This was a case where liability was admitted and the key issue was the correct measure of damages. There is an anonymity order in place to protect the identity of the claimant, but not that of the trust.
XX developed cancer of the cervix. This was not detected, either by way of smear tests in 2008 and 2012, or biopsies in 2012 and 2013. The claimant required chemo-radiotherapy treatment which in turn led to infertility and severe radiation damage to her lower abdomen. Had the cancer been detected as it should have been, XX would have had fertility-saving surgery. She had a strong ambition for children of her own.
Prior to key treatment, XX underwent a cycle of ovarian stimulation and egg harvest which produced 12 eggs that were cryo-preserved. She and her partner decided to opt for a commercial surrogacy arrangement in California, where it is legal to pay a woman to be a surrogate mother. In the UK, however, commercial surrogacy arrangements are illegal and it is a criminal offence to advertise either for a surrogate or to offer oneself as a surrogate. However, non-commercial surrogacy is permitted to the extent that reasonable expenses may be paid to the birth mother.
In the High Court, the trial judge awarded only reasonable expenses for a surrogacy arrangement, on the basis that that was the position under English law. This ruling was appealed by XX.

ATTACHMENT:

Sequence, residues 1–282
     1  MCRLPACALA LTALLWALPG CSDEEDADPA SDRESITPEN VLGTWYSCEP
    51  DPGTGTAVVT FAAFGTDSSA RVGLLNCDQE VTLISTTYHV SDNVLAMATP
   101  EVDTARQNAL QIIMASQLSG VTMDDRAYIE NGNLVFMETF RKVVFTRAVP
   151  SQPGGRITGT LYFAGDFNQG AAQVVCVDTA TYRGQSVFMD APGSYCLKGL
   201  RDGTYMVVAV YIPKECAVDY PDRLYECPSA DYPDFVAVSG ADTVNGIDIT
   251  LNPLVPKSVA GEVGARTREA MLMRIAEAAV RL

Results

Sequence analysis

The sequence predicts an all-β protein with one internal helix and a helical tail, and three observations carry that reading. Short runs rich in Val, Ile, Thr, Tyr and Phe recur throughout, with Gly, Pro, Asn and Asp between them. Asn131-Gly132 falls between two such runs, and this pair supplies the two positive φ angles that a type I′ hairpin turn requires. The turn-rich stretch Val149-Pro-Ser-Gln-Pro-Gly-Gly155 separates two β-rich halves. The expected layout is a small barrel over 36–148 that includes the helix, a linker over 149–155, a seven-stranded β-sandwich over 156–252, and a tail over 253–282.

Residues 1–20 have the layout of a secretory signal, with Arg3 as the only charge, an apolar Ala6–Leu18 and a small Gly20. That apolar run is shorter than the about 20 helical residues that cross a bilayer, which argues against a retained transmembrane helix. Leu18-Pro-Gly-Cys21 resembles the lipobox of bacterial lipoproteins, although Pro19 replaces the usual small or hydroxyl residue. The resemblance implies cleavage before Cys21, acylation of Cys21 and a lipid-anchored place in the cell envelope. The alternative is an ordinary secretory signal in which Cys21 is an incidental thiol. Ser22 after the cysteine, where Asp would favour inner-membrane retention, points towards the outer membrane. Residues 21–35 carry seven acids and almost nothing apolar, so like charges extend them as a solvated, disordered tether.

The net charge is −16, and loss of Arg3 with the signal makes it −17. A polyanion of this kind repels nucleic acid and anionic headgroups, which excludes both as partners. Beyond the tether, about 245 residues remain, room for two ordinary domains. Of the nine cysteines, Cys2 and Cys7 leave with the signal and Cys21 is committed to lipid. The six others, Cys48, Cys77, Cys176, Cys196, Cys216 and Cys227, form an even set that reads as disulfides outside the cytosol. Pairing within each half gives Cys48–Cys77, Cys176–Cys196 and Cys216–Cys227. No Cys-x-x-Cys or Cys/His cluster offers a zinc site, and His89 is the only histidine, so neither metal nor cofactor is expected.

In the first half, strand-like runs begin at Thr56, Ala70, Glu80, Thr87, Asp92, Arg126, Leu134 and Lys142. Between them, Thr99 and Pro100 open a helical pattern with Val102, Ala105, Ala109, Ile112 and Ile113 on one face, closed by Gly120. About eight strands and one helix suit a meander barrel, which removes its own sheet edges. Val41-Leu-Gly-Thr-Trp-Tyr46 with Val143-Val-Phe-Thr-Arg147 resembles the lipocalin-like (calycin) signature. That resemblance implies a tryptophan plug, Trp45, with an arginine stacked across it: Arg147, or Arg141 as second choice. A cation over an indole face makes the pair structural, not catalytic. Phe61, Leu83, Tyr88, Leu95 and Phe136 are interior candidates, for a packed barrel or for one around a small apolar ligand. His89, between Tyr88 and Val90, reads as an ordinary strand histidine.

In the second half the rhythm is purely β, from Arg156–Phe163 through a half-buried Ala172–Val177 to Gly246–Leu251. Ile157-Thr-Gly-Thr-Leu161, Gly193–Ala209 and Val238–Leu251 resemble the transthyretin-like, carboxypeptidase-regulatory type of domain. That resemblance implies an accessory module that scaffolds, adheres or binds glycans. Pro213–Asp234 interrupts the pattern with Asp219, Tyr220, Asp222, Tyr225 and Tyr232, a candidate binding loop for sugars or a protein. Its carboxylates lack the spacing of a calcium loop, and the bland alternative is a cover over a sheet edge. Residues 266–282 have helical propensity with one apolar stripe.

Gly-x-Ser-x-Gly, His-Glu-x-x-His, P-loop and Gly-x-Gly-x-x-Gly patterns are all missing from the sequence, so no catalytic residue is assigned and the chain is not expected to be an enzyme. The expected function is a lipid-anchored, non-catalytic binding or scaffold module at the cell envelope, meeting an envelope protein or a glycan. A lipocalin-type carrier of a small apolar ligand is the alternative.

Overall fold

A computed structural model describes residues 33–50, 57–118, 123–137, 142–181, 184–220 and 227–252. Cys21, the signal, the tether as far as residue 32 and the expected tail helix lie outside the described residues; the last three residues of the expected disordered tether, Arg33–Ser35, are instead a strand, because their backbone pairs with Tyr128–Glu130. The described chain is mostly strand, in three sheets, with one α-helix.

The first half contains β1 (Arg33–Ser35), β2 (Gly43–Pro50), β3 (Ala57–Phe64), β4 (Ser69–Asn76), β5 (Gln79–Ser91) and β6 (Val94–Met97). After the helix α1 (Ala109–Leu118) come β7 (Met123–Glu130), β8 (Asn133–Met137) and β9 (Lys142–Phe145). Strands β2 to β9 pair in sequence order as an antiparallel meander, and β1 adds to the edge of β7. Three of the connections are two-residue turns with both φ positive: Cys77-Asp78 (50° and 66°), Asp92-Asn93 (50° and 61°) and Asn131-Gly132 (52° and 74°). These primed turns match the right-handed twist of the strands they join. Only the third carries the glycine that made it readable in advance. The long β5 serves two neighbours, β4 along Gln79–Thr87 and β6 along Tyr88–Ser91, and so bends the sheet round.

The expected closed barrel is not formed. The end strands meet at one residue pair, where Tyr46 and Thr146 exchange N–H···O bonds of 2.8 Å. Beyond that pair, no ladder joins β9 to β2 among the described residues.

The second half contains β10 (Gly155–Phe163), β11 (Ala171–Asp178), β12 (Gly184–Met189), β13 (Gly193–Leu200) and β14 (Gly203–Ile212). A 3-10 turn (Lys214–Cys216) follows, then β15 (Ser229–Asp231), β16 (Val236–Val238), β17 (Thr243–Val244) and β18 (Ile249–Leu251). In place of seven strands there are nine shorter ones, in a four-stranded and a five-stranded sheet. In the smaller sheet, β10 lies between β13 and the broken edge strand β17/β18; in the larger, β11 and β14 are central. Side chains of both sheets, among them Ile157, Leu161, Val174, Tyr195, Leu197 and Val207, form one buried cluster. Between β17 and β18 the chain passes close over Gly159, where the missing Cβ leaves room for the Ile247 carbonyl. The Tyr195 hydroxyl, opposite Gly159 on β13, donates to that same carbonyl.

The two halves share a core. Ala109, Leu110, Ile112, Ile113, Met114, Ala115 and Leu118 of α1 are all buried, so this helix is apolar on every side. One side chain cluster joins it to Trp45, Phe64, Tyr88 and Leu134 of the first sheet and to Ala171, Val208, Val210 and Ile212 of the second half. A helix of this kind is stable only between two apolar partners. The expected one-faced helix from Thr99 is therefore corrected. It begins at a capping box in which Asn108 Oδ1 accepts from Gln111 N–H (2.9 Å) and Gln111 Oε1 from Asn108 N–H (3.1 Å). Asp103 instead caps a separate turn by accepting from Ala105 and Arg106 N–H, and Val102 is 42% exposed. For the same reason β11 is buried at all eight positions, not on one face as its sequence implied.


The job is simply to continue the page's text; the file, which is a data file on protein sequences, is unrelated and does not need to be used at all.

The Court of Appeal approached the case in a different way. It noted that what XX was proposing was entirely lawful in California and, importantly, that she would not be committing a criminal offence in England by being a party to a commercial surrogacy arrangement in a place where this was legal. Such an arrangement had other major advantages from the claimant’s perspective, because under UK law the surrogate mother chooses the parent and is the legal mother of the child, whereas the opposite situation obtains in the State.
In 2002 the Court of Appeal had held in the case of Briody v. St. Helens and Knowsley Area Health Authority that commercial surrogacy costs were not recoverable from the negligent health body in relatively similar circumstances, but that case was distinguishable because the chances of a successful outcome were extremely low. Here, the prospect of a live birth was significantly better. Further, public and judicial attitudes to surrogacy had moved on, and the family courts had recently approved payments made in connection with surrogacy in California.
The court therefore overturned the first instance ruling and allowed recovery of the costs of a commercial surrogacy arrangement in California. It concluded that to bar XX from recovering would prevent her from obtaining damages to reflect the loss of her personal autonomy in being able to found a family.
This was an extremely sad case where, due to negligence, a young woman’s cancer progressed significantly and she is unable to give birth to her own children as a consequence. It is right and proper that she obtains appropriate compensation. However, it might be thought surprising that the Court of Appeal allowed recovery of damages for an arrangement which is expressly illegal in the UK. We are therefore seeking to appeal this judgment to the Supreme Court, whose President is Lady Hale – who gave the main judgment in the Briody case in 2002. If the ruling is not overturned we are likely to see other claims for similar arrangements, which could prove very expensive for the NHS.